Sensor Sunday: Sensors for guns, pets, and caregivers, plus Nintendo’s sleep sensor, an exoskeleton hand, and more!

It’s another Sensor Sunday and we’ve got so much news to share, from makers fighting Ebola to amazing new gas pressure sensors, and everything in between.

Sensoring [sic] the Police

Yardarm Technologies from Jim Schaff on Vimeo.

The biggest sensor news this week is about the police and their guns. Police in California and Texas are testing a new realtime sensor that will track each time officers fire their guns. The sensor is developed by Yardarm and fits into the base of a Glock sidearm. It will track when the gun is fired, where, the direction the weapon is pointed and when it is unholstered. The data can be used to paint a clearer picture of what happened in an incident, and hopefully keep more people safe.

(Virtual Strategy via The Verge)

Nintendo Gets Into Your Dreams

Nintendo made a surprising announcement about their foray into your sleep this past week. The company announced that they’ll be entering the healthcare business with a device that can sense the quality of sleep that a user receives. The system will visualize sleep patterns as well as make recommendations, such as changes to physical activity or diet. It’s set to roll out in 2016.

(via PC World)

A Cool Exoskeleton Hand Is Coming Next Year

The Dexmo F2

The Dexmo F2

An exoskeleton hand has appeared on Kickstarter that will sense the motion of your hands via 11 rotational sensors and an inertial measurement unit. The Dexmo Classic picks up on motion of each finger, separation between fingers and position of the hand in space. The Dexmo F2 adds force feedback with actuator-controlled disc brakes installed in the F2’s joints. This device could be useful for tablet typing, gaming control, virtual reality and more.

(via Gizmag)

An Ultra-Thin Smart Fabric Technology to Make Anything a Wearable

BeBop have developed a thin smart fabric sensor. It provides real-time reporting on bend, location, motion, rotation, angle and torque. The patch-like sensor can be woven onto a single piece of fabric without adding undue bulk, making it ideal for integration into clothing, sports equipment, prosthetics, healthcare devices, vehicles and much more.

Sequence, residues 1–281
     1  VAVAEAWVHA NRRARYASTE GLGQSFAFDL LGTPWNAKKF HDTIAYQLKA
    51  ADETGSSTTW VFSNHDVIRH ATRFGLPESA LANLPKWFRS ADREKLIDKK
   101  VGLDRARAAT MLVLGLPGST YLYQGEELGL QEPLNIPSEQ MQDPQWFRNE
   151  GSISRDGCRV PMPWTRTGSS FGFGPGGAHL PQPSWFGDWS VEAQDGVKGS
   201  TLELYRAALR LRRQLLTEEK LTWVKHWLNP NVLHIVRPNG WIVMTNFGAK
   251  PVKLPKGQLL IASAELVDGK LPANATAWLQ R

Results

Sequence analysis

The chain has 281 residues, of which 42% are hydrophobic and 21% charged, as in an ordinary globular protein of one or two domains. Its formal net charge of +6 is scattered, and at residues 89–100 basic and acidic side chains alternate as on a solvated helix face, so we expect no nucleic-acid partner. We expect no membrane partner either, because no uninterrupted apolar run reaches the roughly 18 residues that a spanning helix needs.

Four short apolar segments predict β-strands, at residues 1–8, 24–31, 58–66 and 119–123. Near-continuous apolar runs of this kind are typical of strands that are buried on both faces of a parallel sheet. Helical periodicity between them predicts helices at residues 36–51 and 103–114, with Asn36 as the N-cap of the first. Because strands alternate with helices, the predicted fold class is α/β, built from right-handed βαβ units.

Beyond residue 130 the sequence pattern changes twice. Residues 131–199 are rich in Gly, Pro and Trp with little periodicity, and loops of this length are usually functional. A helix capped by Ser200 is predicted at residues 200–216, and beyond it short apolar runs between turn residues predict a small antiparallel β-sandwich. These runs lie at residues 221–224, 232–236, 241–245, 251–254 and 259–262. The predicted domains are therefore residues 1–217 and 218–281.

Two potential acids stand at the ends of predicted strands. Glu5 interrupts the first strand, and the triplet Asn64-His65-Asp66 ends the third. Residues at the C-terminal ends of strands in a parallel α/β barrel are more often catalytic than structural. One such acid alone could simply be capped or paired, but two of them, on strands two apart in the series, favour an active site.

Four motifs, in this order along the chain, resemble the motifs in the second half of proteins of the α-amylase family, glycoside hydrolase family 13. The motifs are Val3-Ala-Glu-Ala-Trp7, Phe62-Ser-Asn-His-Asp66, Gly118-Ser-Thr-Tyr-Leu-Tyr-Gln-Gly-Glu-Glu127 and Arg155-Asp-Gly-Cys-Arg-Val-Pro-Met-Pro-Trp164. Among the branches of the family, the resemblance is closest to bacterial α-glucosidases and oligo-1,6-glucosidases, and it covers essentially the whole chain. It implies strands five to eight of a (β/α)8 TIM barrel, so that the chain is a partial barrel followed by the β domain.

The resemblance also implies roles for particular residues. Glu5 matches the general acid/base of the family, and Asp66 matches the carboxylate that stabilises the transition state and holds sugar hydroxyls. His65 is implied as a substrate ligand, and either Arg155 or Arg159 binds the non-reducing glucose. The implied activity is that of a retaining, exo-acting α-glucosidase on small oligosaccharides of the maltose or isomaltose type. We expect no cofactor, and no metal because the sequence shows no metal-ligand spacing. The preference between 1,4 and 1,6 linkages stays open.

(via UberGizmo)

Making Gadgets that Help Fight Ebola

Nicole Daphne Tricoukes and Kailey Shara have used the Apollo micro controller board to alert caregivers wearing protective suits as to when their temperature is getting too hot. These suits, worn by people on the front line of the Ebola crisis, cause internal body temperatures to rise high enough as to cause heat stroke in some instances. This simple solution of monitoring temperature, displaying it on a 128 x 64 pixel screen, and sounding an alert tone when the temperature gets too high, may keep caregivers in better condition to attend to the crisis at hand.

(via Make:)

Wearables for Fido Will Improve Pet-Human Communications

New Tech Aims to Improve Communication Between Dogs and Humans

David Roberts with one of his research associates. Photo credit: North Carolina State University.

Doggy wearables are making a buzz this week as researchers from North Carolina State University show off a new dog harness, equipped with sensors and haptic items. The harness monitors heart-rate and body temperature to track health and emotional state, as well as sensors to monitor posture and pick up on behavioural cues. On the other end, haptic items will allow humans to send commands to the dog. The team hopes to roll this out in applications as diverse as disaster response and dog training.

(NC State News via Engadget)

World’s First Photonic Pressure Sensor Outshines Traditional Mercury Gauge

First Photonic Pressure Sensor

The FLOC system setup, with laser-directing optics (right), copper-enclosed optical cavity (center), and output signal on a computer monitor (left) Photo:

For people measuring gas pressure, a huge development emerged this week: an extremely efficient, fast and safe gas pressure sensor is on its way. reports that the “new instrument, called a fixed-length optical cavity (FLOC), works by detecting subtle changes in the wavelength of light passing through a cavity filled with nitrogen gas.” The device not only eliminates the use of neurotoxic mercury (which was the only option for pressure-sensing until now), but performs 100-times faster than the mercury manometers with superior accuracy to boot. It’s positioned to depose the mercury pressure sensors in no time!


That’s all for this week, but we’ll be back with more sensor news and applications next Sunday. If you hear about something interesting, or are working with sensors, let us know in the comments.


Math lover. Engineering communicator. Mad-lib enthusiast. Total nerd.

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Posted in Sensor Sunday

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